• At what distance could you see headlights as separate (assume they are 2 m apart, and your pupil has a diameter of .5 cm.

Also there are problems due to the lenses themselves

Chromatic aberration:

•  Glass disperses light into constituent wavelengths, so get different foci for different wavelengths
• Overcome by exploiting different dispersive powers of different glasses (usually "crown" and "flint" glass)
• In fact, objective is usually sandwich of several different glasses

Spherical Aberration
• Thin lens formula assumes that deflections are small (i.e. sin(θ) = θ)
• In practice, light from outer region of lens is more strongly focussed than central part
•  Effect is blurred image
•  One solution is to eliminate light from outside of lens by stopping down

•  Unfortunately this reduces the area, so you get less light. Only real way out is to go to non-spherical lenses/mirrors. e.g. for a telescope, spherical mirror gives blurred image
•  Can be corrected by going to a parabolic mirror (but this only works for objects at infinity)

 WHy does this work?

• # Telescopes

•  Simplest is two lens refractor. Objective is large lens at "front", brings light to a primary focus. Eyepiece is used to magnify image. Magnification: if f₀ is focal length of objective f₁ is focal length of objective M = f₀ f₁ 
• e.g. typically objective might have f₀ = 150 cm, eyepiece .75 cm
• Light-Collecting power ∝ area of objective
• i.e. want to maximize R

•  Newtonian reflectors Replace objective lens by mirror: Advantages: No chromatic aberration Support for whole of mirror Only one surface matters

•  "Best" standard telescope is Schmidt- Cassegrain Corrector plate is very weak aspherical lens to exactly (well, almost) compensate for spherical abberation
• Gives compact design, with folded light-path, eyepiece at end, wide field of view. This is (essentially) what is used in the Hubble space telescope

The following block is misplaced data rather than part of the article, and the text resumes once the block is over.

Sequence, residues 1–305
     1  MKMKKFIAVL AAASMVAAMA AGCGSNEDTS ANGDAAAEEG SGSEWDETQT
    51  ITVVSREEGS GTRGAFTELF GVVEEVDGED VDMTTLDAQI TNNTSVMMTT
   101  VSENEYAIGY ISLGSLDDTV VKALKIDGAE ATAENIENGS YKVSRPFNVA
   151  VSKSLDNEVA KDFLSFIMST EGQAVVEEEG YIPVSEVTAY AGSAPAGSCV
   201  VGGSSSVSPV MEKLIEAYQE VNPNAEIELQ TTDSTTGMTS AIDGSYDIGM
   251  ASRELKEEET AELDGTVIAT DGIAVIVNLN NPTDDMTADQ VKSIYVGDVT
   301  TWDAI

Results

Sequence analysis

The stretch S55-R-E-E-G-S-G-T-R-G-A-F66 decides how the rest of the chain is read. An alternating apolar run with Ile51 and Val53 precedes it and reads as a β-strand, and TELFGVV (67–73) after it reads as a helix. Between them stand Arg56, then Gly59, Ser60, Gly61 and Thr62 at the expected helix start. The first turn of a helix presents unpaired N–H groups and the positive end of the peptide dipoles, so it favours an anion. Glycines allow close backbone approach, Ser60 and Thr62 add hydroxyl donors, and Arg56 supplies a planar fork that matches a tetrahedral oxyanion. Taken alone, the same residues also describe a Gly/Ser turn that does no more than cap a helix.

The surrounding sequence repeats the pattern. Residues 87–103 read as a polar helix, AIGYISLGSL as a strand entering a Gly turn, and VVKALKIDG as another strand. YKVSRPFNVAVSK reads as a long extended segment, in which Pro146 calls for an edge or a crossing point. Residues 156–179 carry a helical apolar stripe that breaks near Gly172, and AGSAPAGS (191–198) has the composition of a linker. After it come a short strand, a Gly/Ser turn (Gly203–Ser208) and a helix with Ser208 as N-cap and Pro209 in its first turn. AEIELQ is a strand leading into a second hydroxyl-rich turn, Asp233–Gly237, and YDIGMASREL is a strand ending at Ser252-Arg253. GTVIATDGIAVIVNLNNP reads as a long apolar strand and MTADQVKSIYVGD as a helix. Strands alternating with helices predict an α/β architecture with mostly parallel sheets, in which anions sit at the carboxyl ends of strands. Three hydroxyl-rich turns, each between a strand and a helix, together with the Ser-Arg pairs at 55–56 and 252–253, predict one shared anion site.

A spectacular picture from the Hubble: large masses can bend light,
•  so a very large cluster of galaxies (about 1013 MSun) can act as a (lousy!) lens. This cluster is producing multiple images of a much more distant galaxy.

# Compound Microscope.

•  Objective produces magnified real image of object, which is then magnified by the ocular (eyepiece). Usually have final image at ∞.
•  Overall angular magnification M = m₁M₂ =- s₁'x f₁f₂ 
e.g. objective has f₁ = 5 mm, object is at 5.2 mm, ocular has f₂ = 3 cm.
• Where is the image produced by the objective?
• What is m₁?
• Where should ocular be placed so the final image is at ∞ ?
• What should the length of the barrel be?

 Note an important practical problem: resolving power for a microscope is \color{red}{ RP = \frac{{0.6\lambda }}{{n\sin \left( \alpha \right)}}} This says that we can get below λ by using a wide lens (making α large) and by increasing the refractive index n: e.g. putting the object in oil.: e.g. in the last example, what is the resolving power if the objective has a diameter of 3 mm, λ = 500nm (green light), n = 1.6 (typical oil) and α = 45°? Roughly: cannot resolve anything with size < λ
• And this finishes classical physics. Haven't we understood a lot!
• But now there are a few problems